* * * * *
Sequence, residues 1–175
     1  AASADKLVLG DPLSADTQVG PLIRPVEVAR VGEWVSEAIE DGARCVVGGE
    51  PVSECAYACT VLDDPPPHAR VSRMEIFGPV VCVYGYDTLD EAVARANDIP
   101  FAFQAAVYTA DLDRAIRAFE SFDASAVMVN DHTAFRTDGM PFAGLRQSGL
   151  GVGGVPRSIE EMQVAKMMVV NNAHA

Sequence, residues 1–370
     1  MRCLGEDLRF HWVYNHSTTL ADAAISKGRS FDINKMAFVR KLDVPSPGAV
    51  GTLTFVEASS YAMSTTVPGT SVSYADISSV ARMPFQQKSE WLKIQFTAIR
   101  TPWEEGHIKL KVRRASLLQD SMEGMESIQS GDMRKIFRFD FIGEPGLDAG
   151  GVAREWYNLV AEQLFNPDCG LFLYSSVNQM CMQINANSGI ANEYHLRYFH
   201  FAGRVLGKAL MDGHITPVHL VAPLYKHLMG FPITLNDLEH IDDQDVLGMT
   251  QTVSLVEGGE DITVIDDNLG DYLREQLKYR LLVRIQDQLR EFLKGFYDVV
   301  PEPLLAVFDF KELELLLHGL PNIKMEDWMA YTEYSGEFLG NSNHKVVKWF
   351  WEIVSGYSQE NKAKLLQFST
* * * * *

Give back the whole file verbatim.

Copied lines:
Sequence, residues 1–175
     1  AASADKLVLG DPLSADTQVG PLIRPVEVAR VGEWVSEAIE DGARCVVGGE
    51  PVSECAYACT VLDDPPPHAR VSRMEIFGPV VCVYGYDTLD EAVARANDIP
   101  FAFQAAVYTA DLDRAIRAFE SFDASAVMVN DHTAFRTDGM PFAGLRQSGL
   151  GVGGVPRSIE EMQVAKMMVV NNAHA

Sequence, residues 1–370
     1  MRCLGEDLRF HWVYNHSTTL ADAAISKGRS FDINKMAFVR KLDVPSPGAV
    51  GTLTFVEASS YAMSTTVPGT SVSYADISSV ARMPFQQKSE WLKIQFTAIR
   101  TPWEEGHIKL KVRRASLLQD SMEGMESIQS GDMRKIFRFD FIGEPGLDAG
   151  GVAREWYNLV AEQLFNPDCG LFLYSSVNQM CMQINANSGI ANEYHLRYFH
   201  FAGRVLGKAL MDGHITPVHL VAPLYKHLMG FPITLNDLEH IDDQDVLGMT
   251  QTVSLVEGGE DITVIDDNLG DYLREQLKYR LLVRIQDQLR EFLKGFYDVV
   301  PEPLLAVFDF KELELLLHGL PNIKMEDWMA YTEYSGEFLG NSNHKVVKWF
   351  WEIVSGYSQE NKAKLLQFST